There Are No Perfect Synonyms for Brother

We have never seen each other’s blood. They found opiates in his, antibodies in mine. We break against the past in different ways. I locked myself in someone’s college and drank. I invited myself to dorm rooms. The boys came. He broke into a house to smoke. He’s looking for a cheap gun with our mother’s phone. I calculate the number of lies it would take to puncture the state line, bring him here. I map the highway arteries strung between us. Clots of red clay and Mississippi pine. Squadrons full of wide-jawed men in Money. My brother’s premature heart, a few beats slower per minute than everyone else’s. His chest a rusted cotton gin, churning withdrawal. When I say: I have lived in his father’s house, I mean every rest stop; every dead boy’s memorial plaque riddled with holes; every drunken man stumbling toward my mother’s back as she sits alone on the bed’s trembling lip, hands tied in matrimony; every danger that darkens the threshold of my faith, finds me on my knees and shoves illnesses down my throat like my own genitals. There are too many ways to be invincible. Between my brother and me, my sister misunderstands. She tugs at her stethoscope. We can’t attach a number to this pain, though the tens look like men fallen to the ground, collarbones separating from noosed heads. Necks swollen shut. When the cops came, my mother tried to punch through the cruiser’s window—not to save her son, but to strike him. I tell her: I don’t know what else to say. When we succumb to the lymphocytic current, wrapped in the tarp of ordinary bodies and brine, no one cares who first lifted a thigh to the needle’s singular gaze, or who was thrown screamless into the purling water. Our fathers’ hands are gone. My mother’s hands are shaking. It’s not her fault she can’t unopen the vein.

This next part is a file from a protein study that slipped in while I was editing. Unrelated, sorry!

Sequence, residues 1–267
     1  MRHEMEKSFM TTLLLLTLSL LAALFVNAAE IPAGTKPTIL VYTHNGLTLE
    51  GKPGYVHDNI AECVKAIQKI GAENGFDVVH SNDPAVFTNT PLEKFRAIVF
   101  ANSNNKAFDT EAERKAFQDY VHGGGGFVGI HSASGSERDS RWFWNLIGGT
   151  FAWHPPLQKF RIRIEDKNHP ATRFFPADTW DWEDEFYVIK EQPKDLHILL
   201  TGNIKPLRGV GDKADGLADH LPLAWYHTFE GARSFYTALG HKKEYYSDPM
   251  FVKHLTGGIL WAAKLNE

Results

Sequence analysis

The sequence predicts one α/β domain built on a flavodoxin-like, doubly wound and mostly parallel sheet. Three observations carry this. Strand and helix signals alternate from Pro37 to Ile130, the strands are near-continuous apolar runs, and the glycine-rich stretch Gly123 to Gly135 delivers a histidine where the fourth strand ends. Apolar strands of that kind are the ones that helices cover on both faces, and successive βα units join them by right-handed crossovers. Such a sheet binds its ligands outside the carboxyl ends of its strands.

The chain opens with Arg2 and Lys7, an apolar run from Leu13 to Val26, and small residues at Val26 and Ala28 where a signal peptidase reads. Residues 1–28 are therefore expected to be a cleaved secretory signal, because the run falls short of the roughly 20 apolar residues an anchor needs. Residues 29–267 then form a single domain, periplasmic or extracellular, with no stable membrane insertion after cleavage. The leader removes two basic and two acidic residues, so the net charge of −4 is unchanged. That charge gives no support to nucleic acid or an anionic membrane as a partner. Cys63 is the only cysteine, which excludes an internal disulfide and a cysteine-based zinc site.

This poem references the violent death of Emmett Till (1941–1955), who was killed by half-brothers Roy Bryant and J.W. Milam after allegedly flirting with Bryant’s wife. Till’s body was wrapped in tarp and weighted with a cotton gin’s fan before being thrown into the Tallahatchie River. The lines “every memorial plaque/ riddled with holes” refers to the historical sign marking the site of Till’s death. Since its installment along with other Civil Rights­­–related memorials in 2008, the sign has suffered repeated acts of vandalism, and, at the time of this poem’s composition, was defaced with bullet holes (Jerry Mitchell, “Emmett Till Marker in Mississippi Riddled With Bullets,” USA Today, October 24th, 2016).

Destiny O. Birdsong is the author of the poetry collection, Negotiations (Tin House Books, 2020), which was longlisted for the 2021 PEN/Voelcker Award, and the triptych novel Nobody’s Magic (Grand Central, 2022), which was longlisted for the Center for Fiction’s First Novel Prize. She was the Hurston-Wright Foundation’s inaugural Writer-in-Residence at Rutgers University-Newark and now serves as a 2022–23 Artist-in-Residence at the University of Tennessee in Knoxville.